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April 11, 2011

Drug combo provides 10 percent weight loss for obese in a one-year clinical trial

An investigational combination of drugs already approved to treat obesity, migraine and epilepsy produced up to a 10 percent weight loss in obese individuals participating in a one-year clinical trial, according to researchers at Duke University Medical Center

Appearing online in The Lancet, the study found that treatment with the controlled-release combination therapy consisting of phentermine and topiramate also achieved significant reductions in blood pressure and hemoglobin A1C. Study participants also experienced improvements in cholesterol, triglycerides and inflammatory markers, including C-reactive protein, when taking either of two doses of the combination when compared to placebo.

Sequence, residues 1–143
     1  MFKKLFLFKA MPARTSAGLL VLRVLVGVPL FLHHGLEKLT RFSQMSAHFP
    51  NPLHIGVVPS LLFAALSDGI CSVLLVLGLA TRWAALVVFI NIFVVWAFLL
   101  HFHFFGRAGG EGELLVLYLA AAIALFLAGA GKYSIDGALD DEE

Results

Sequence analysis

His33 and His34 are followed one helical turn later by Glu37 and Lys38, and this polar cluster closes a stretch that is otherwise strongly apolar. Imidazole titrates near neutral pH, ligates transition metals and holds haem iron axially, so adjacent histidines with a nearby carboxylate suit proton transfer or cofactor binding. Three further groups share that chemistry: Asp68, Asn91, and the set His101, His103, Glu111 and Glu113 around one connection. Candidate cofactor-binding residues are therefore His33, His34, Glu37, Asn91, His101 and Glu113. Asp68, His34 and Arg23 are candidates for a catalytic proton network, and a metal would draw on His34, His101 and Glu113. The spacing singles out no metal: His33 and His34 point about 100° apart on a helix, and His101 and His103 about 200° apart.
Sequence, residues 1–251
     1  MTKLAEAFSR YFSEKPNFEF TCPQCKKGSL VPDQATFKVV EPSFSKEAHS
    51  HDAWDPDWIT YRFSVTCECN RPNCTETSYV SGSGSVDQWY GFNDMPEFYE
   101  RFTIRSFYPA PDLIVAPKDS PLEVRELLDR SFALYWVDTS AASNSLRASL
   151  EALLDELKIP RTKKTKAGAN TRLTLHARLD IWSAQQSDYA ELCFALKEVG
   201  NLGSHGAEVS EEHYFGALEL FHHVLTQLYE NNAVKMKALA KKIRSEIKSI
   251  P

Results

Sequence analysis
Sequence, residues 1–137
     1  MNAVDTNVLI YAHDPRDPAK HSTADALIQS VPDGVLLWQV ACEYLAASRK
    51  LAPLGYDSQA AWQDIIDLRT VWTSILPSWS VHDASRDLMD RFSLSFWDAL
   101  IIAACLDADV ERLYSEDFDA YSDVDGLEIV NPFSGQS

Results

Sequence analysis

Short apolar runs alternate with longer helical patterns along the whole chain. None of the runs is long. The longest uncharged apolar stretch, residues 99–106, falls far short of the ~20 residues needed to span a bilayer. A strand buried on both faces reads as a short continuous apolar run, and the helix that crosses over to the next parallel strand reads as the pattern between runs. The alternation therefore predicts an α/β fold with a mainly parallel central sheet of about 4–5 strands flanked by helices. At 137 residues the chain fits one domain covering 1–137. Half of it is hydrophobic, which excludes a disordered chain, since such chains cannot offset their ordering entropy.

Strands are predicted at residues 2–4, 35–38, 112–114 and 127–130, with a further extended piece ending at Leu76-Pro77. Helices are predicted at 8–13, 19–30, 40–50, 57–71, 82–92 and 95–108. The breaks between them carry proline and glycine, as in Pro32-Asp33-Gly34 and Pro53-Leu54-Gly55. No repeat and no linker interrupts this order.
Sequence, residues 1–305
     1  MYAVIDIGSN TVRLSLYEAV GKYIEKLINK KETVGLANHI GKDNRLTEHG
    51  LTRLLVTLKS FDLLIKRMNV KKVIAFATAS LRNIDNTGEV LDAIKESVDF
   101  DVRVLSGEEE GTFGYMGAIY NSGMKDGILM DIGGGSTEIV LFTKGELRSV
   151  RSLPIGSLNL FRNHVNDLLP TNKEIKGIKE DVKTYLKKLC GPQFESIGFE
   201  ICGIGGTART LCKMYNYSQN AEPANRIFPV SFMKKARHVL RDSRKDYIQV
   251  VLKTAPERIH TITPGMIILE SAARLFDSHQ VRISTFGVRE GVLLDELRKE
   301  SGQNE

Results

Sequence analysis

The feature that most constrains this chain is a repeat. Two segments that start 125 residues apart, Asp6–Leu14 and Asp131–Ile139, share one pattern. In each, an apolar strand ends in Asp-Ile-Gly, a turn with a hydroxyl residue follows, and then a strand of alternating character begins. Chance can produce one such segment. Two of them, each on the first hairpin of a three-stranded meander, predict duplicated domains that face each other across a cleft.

Currently, orlistat is the only drug available for the long-term treatment of obesity. It is marketed in prescription strength as Xenical, and available over the counter as Alli. Meta-analysis studies have shown that treatment with orlistat, at maximum strength, can lead to approximately seven-pound greater weight loss compared to treatment with placebo after one year. "The combination drug achieves about 19 pounds of weight loss relative to placebo at one year," Gadde says.

The 56-week, phase 3 study was conducted in 93 U.S. centers with 2487 patients who had a BMI of 27-45kg/m2, and two or more co-morbidities such as diabetes or heart disease. Patients were randomly assigned to receive either a placebo or one of two low-dose drug combinations. The study tested phentermine, a short-term obesity treatment available since 1959, and topiramate, marketed under the trade name Topamax, in doses up to 400mg to treat epilepsy and prevent migraines. Patients in the study also received diet and exercise advice.

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